There are however several types of shields one can use to isolate or protect oneself from all kinds of energies. Allegedly, wearing jewelry can also help.
Leyhunter: But isn't there some connection with Ley lines and ancient stone monuments?
TheLeylineProject: Yes, Ley lines are alleged alignments of a number of places of geographical interest, such as ancient monuments, "trojaborg" labyrinth, stone circles and megaliths. They withhold strong energies and are connected all over the globe. Churches built before 1750 have Ley lines running through them because they are built on land previously used for occult ceremonies.
Leyhunter: Thank you for your helpful information. Hopefully I will become skilled in exploring all these energy lines.
The Leyline Project publication
Publisher Art & Theory (available here)
The Leyline Project is a collaboration between the artists Ulrika Sparre (SE) and Steingrimur Eyfjord (IS). Both artists' practices are in different ways based on notions of the immaterial, the spiritual, and the mythological.
The Leyline Project examines the ancient phenomenon of ley lines and the research includes several aspects of earth energies. The publication is richly illustrated and features a compilation of artworks, experiments, research, and tools emanating from this intangible theme. The artists, writers, and researchers who have contributed to this publication all have experience of the energy frequencies of the earth. The publication will help you navigate through the basic perception of energies and provide you with tools and inspiration to discover these endless worlds which are all around us.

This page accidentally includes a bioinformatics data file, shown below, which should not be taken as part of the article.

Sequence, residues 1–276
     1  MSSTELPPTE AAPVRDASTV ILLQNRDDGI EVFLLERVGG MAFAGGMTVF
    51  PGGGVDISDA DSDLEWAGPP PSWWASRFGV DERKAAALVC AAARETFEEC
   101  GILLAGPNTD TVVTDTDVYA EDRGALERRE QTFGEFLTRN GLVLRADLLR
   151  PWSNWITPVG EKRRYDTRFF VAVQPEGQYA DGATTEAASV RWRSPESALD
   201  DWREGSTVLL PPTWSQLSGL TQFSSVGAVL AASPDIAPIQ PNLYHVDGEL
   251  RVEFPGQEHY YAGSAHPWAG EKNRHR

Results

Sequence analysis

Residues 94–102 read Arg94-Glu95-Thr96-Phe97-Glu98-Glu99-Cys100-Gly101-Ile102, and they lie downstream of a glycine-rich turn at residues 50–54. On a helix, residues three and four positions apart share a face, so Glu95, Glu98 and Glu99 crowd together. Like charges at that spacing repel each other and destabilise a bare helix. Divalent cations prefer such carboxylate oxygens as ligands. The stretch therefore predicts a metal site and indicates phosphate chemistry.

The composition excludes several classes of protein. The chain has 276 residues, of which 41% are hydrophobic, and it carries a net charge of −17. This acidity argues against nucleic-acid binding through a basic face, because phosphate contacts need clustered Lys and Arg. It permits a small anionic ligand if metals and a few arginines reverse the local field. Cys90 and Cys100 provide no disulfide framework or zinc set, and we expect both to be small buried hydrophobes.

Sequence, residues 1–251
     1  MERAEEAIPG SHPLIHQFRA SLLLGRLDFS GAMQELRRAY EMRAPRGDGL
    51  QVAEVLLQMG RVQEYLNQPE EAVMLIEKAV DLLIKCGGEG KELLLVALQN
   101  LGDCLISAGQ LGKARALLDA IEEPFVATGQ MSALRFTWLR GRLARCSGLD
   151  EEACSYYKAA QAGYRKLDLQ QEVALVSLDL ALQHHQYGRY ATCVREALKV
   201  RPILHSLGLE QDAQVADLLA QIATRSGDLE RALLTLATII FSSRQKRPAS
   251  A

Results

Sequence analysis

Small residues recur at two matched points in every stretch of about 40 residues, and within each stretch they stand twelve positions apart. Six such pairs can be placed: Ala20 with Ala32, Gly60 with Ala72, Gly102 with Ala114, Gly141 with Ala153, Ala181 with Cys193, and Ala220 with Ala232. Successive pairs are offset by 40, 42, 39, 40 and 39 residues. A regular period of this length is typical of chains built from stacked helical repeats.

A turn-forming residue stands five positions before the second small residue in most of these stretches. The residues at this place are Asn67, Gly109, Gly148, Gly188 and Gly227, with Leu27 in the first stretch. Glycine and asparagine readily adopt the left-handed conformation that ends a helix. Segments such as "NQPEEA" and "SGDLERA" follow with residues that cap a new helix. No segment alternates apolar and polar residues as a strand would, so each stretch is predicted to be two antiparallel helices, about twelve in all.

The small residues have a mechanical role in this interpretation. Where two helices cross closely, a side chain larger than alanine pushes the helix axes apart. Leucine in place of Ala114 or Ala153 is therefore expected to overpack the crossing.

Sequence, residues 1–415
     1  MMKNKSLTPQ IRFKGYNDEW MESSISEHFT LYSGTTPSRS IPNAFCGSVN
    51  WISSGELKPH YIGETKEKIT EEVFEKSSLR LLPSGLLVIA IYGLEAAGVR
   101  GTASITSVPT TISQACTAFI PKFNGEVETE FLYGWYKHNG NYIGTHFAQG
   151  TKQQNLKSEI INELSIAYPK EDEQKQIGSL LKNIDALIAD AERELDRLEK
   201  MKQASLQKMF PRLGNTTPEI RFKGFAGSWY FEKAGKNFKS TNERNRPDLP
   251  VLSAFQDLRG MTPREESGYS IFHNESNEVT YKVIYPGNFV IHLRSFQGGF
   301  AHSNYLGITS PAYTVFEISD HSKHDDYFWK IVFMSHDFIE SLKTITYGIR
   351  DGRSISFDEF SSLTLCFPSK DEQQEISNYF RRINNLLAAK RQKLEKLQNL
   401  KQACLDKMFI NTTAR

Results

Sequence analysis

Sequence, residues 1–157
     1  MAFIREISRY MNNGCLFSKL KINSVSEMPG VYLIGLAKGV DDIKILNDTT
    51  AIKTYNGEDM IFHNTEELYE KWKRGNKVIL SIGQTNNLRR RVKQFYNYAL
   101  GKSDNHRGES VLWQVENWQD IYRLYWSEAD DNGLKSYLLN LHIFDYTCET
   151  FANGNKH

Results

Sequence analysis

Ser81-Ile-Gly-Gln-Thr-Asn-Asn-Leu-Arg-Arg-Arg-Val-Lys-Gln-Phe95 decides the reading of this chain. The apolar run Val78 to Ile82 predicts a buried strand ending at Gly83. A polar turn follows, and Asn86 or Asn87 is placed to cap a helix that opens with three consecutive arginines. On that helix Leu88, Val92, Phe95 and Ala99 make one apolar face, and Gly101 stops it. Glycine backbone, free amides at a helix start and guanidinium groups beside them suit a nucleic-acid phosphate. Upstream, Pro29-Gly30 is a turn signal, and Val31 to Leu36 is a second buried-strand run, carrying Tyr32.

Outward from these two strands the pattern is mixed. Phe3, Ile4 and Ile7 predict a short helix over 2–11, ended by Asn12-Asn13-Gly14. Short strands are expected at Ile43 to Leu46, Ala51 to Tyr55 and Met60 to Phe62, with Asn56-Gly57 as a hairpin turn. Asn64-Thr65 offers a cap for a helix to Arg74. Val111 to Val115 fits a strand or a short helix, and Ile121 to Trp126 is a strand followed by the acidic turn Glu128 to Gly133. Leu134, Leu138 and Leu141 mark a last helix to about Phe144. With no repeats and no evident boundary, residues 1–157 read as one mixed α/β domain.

The Leyline Project would like to open this infinite stream to you.
Editor: Ulrika Sparre
Graphic design: Kajsa Pontén
Contributing artists and writers include: Ulrika Sparre, Steingrimur Eyfjord, Cecilia Edefalk, Einar Már Gudmundsson, Richard Long, Milena Bergquist, Gudlaugur K. Óttarsson, Jelena Rundqvist, Sofie Sweger, David R. Cowan, and Fredrik Sweger, amongst others.